Our History

History of Pulpit Point Residential Estate

The following is an excerpt from the Sydney Morning Herald of 12th December 1996, page 16 of the Domain Section

It feels like a bit like a Queensland resort. In fact, one could think it was the Gold Coast if not for the telltale Sydney Views. The palm trees, the marina, the ordered villas and the vast mansions (some still under construction) estate, echo an up-market ‘90’s nouveau resort lifestyle.

Once the site of the Mobil Oil Terminal in the exclusive waterfront suburb of Hunters Hill, the 12 hectare Pulpit Point project was the brainchild of veteran developer Sid Londish. He envisaged Sydney’s most exclusive residential harbourside estate: prices for houses and apartments (originally due for completion in 1990) would range from $1.25 million to $6 million.

But the project was beset by site clearance delays, the property slump, the recession, high interest rates and buyer fears over the impact of the third runway flight path.

Nine years after the initial stages, the project remains unfinished.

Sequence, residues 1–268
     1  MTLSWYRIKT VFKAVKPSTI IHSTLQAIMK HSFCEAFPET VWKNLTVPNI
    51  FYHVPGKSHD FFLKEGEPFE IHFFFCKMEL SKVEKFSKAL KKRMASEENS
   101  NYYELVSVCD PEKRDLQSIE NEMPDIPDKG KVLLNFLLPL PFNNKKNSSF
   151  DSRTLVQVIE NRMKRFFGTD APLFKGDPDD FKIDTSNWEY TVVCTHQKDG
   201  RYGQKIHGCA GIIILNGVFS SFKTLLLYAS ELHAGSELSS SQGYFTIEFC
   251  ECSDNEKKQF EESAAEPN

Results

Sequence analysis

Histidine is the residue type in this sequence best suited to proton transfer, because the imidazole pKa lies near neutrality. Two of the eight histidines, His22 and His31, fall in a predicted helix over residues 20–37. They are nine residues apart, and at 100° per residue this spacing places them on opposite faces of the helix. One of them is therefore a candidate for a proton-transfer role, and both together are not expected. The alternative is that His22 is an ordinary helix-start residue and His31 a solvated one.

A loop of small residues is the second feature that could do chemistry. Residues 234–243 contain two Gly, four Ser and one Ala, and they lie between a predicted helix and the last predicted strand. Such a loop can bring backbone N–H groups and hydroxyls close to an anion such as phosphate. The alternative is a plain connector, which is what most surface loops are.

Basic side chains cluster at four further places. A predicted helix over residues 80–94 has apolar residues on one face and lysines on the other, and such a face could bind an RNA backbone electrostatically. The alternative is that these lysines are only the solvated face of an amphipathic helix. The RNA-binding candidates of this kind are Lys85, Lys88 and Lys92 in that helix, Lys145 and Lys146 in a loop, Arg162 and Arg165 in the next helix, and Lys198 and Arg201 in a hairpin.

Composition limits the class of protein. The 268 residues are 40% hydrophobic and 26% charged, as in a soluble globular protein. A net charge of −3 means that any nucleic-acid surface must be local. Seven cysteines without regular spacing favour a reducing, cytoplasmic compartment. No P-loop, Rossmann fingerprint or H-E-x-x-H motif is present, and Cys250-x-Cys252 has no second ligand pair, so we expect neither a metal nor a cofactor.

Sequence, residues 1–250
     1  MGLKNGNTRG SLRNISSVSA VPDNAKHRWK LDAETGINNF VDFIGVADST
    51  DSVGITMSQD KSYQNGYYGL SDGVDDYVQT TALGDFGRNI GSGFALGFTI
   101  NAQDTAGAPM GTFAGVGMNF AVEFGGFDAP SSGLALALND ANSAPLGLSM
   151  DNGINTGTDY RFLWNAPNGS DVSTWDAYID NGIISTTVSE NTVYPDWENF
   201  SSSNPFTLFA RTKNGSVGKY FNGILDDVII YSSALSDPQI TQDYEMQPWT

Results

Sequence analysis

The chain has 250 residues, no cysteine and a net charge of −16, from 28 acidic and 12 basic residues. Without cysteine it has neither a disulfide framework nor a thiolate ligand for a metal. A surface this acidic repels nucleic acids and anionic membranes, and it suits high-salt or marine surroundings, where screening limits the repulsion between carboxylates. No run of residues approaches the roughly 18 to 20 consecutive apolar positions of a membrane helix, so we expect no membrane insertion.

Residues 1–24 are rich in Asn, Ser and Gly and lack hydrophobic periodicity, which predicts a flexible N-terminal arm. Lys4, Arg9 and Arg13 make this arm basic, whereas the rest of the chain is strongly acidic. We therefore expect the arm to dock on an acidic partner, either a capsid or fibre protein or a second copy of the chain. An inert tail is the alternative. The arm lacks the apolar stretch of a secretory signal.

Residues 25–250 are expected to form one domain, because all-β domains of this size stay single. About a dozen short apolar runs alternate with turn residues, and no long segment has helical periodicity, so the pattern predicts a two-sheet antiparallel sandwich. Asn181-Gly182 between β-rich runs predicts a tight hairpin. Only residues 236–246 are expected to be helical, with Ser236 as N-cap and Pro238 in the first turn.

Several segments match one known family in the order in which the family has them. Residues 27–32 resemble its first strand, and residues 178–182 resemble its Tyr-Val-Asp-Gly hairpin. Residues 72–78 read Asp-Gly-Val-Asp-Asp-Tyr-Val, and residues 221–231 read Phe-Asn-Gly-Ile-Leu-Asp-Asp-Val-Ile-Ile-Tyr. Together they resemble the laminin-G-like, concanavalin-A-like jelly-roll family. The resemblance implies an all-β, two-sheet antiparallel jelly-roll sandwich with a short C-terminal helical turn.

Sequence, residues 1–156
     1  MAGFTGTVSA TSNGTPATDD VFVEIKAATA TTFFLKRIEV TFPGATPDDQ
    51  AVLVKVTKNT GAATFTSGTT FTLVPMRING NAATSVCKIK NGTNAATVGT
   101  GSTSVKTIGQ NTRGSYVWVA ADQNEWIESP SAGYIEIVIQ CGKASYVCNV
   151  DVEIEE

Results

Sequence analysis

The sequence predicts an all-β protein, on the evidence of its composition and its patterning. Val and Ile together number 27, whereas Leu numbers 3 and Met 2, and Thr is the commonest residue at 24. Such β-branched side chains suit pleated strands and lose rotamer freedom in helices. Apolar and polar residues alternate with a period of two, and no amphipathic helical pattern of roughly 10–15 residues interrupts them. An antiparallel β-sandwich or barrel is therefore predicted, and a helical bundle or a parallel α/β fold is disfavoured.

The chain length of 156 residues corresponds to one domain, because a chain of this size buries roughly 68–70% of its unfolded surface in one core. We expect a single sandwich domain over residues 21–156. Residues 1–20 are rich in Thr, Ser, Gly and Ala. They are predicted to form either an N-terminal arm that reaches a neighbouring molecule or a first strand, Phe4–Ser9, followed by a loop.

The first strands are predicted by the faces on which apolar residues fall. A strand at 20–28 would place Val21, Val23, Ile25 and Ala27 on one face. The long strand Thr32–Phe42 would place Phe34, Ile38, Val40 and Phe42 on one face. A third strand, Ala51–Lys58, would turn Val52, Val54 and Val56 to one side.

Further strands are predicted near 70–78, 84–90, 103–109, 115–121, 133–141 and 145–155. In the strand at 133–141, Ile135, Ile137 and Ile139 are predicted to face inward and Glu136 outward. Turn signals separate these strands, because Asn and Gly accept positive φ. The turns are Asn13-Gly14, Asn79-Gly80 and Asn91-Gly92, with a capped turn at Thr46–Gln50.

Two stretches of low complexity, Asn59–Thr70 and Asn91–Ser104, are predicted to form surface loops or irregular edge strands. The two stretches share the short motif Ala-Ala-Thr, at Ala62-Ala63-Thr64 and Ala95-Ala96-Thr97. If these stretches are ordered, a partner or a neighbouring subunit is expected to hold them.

In 1988, NatWest Australia Bank Ltd took 50% equity in Londish’s proposed $350 million dream, on one of the largest parcels of waterfront land offered to the Sydney market in 20 years.

The next year, Sid Londish’s Comrealty and NatWest Bank paid Mobil Australia $71.5 million for the site, which has more than 700 metres of waterfrontage.

A condition of sale was that Mobil demolish and decontaminate the former depot it had owned for more than 80 years.

Bad weather and industrial unrest slowed the clearance operation, which ended up costing about $20 million.

Sid Londish wanted to capture the character and unique nature of Hunters Hill: there was to be a mixture of upmarket houses and apartment buildings, in total 134 dwellings, plus a marina and yacht club, tennis courts, swimming pools and a country club.

The lynchpin of the marketing of the project was a spectacular 6 metre wide architectural scale model, which alone cost about $375,000 to build – prospective buyers could see exactly what they were buying, even the precise view from their finished building.